- Staying hydrated, and limiting alcohol and caffeine
- Getting a good night’s sleep
- Stepping into nature and soaking up fresh air
- Exercising regularly – this could be going for a walk, practicing yoga, or even more intensive workouts
- Practicing mindfulness and breathing techniques
- Doing things that make you feel relaxed, such as reading a book, listening to music, taking a bath, etc.
- And more.
Although you’re responsible for your own health and wellbeing, that doesn’t mean you can’t involve friends and family. Just as signs of distress are contagious, so too is optimism, joy, gratitude, and humor. Spending time with people who are in a positive mood can have a spillover effect on you. Make it a point to have fun and find light-hearted ways to laugh.
4. Maintain a positive attitude and learn to go with the flow
Granted, the ‘return to office’ anxiety may be very real. Instead of dwelling on the negatives, why not turn your focus to something positive? Just like there are many drawbacks of going back to the office, there are also many benefits of doing so. For starters you get to separate your home and work life. What’s more, you’ll get to socialize with colleagues and feel more a part of the company, which can be great for your career progression.
In addition to this, going back to the office is also a sign that things are getting back to normal. Although working from home might suit you better, remind yourself of all the things you’ll now be able to enjoy – simple things like going to a cafe/restaurant, going for a drink with friends, and so many more pre-pandemic activities. While your current employer may not be flexible, you can always look for a more flexible employer when the time is right.
5. Reach out to your employer for clarity and support
You can also look back at the reasons why you feel anxious. If speaking with your employer would make a difference, then it’s worth reaching out to your line manager or an HR personnel. Ask what the hygiene and social distancing policies are at work. Are there extra handwashing facilities, plastic screens set up, or any other COVID-19-specific measure? Getting a bit more certainty during these times can give you peace of mind.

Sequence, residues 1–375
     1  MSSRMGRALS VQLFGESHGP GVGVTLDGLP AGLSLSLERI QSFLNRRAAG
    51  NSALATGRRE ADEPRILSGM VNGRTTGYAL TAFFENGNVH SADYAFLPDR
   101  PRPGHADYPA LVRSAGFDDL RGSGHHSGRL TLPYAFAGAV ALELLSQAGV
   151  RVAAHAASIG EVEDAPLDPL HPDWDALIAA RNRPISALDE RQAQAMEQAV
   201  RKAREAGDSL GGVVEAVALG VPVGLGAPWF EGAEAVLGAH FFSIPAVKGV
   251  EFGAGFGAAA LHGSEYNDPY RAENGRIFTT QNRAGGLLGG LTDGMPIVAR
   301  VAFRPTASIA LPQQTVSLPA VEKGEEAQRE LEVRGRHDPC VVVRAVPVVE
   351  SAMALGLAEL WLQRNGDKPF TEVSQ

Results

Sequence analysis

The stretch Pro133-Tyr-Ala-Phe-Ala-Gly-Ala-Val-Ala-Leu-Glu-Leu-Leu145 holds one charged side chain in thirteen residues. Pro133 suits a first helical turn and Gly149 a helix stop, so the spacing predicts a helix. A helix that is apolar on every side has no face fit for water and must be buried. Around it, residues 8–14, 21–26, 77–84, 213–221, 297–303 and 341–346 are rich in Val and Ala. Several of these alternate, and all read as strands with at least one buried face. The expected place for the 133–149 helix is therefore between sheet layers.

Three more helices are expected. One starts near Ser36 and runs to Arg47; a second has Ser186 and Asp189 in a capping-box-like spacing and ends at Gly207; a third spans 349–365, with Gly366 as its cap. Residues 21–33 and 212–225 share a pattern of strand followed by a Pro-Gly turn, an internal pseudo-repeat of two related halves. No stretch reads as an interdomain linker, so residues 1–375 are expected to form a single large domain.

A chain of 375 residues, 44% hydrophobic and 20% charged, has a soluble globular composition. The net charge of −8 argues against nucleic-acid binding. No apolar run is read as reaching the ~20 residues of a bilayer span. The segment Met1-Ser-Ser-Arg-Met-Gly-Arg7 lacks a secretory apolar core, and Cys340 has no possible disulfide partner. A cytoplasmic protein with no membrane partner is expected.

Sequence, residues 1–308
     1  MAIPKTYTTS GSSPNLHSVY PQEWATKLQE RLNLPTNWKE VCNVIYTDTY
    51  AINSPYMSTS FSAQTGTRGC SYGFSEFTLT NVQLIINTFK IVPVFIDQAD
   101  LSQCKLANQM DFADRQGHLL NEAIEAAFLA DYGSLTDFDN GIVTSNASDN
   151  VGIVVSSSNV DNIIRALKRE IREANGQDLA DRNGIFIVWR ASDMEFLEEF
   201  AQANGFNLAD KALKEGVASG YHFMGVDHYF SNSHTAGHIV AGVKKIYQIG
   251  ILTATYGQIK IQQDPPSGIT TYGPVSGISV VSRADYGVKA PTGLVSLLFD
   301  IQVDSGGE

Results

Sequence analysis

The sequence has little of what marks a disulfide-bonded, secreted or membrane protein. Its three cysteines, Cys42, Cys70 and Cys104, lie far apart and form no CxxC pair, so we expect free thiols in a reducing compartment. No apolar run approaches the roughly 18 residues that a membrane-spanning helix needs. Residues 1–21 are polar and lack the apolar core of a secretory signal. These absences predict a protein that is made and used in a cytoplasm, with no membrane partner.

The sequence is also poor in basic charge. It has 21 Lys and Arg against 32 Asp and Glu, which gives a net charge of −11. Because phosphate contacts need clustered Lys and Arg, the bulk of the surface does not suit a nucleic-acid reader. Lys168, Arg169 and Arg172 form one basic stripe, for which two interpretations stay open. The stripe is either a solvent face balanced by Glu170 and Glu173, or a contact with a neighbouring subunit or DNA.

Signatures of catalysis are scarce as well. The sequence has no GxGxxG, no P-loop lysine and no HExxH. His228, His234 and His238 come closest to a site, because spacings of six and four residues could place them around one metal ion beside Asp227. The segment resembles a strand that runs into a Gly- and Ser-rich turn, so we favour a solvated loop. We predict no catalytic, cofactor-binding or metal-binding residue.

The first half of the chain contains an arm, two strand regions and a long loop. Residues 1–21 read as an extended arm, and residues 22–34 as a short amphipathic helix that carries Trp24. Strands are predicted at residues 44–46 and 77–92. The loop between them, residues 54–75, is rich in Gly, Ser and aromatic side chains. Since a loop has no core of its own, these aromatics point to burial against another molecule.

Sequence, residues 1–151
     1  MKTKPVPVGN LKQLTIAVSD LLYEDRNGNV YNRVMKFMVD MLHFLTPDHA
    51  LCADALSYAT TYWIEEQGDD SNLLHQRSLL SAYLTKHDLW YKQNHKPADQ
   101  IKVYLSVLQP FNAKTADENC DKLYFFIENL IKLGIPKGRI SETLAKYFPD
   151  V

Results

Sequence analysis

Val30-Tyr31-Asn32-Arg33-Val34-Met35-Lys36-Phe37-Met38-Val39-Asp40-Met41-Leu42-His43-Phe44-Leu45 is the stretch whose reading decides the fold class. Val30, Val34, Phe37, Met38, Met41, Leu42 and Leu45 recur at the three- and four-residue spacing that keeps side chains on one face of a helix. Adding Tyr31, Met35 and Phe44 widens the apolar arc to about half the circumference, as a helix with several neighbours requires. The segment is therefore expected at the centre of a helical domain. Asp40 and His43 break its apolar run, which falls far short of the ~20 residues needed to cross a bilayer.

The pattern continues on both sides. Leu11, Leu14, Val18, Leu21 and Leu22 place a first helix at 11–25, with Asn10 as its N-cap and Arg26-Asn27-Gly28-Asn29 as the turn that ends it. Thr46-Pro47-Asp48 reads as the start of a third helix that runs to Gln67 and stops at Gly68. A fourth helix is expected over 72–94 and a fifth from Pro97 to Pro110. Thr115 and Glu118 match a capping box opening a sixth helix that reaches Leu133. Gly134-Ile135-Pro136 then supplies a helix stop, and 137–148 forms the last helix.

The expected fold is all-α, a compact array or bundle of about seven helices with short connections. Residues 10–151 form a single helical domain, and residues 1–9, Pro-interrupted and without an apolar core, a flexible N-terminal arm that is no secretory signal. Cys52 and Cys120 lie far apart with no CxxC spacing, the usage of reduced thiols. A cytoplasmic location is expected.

On top of this, you can also see whether any accommodations can be made for your specific situation. Perhaps you have a vulnerable person in your household who can’t be vaccinated? In such cases, requesting for a more delayed return to work may be a good idea. You can also check (and make use of) any employee benefits for mental fitness in the workplace, such as Employee Assistance Programs (EAPs).
Prioritize your wellbeing with health insurance from Pacific Prime
Alongside getting support from your employer, it may also be a good idea to secure comprehensive health insurance from Pacific Prime in order to look after your health and wellbeing. Whether or not your employer provides group health insurance, securing your own individual health insurance comes with a number of benefits – not least that it provides you cover even if you’re in between jobs.
Not sure where to begin in your hunt for health insurance? Reach out to one of our highly-trained advisors today, who will offer you unbiased insurance advice, a tailored plan comparison, and a free quote. Rest assured, you’ll get a plan that matches your exact needs and budget, along with a whole host of support services throughout your insurance journey.